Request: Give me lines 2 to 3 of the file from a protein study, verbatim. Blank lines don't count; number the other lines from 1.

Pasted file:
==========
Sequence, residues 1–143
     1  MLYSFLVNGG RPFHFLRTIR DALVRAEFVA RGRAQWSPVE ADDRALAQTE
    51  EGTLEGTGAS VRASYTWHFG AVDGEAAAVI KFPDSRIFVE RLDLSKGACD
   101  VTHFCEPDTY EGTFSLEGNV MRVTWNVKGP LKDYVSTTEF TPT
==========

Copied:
     1  MLYSFLVNGG RPFHFLRTIR DALVRAEFVA RGRAQWSPVE ADDRALAQTE
    51  EGTLEGTGAS VRASYTWHFG AVDGEAAAVI KFPDSRIFVE RLDLSKGACD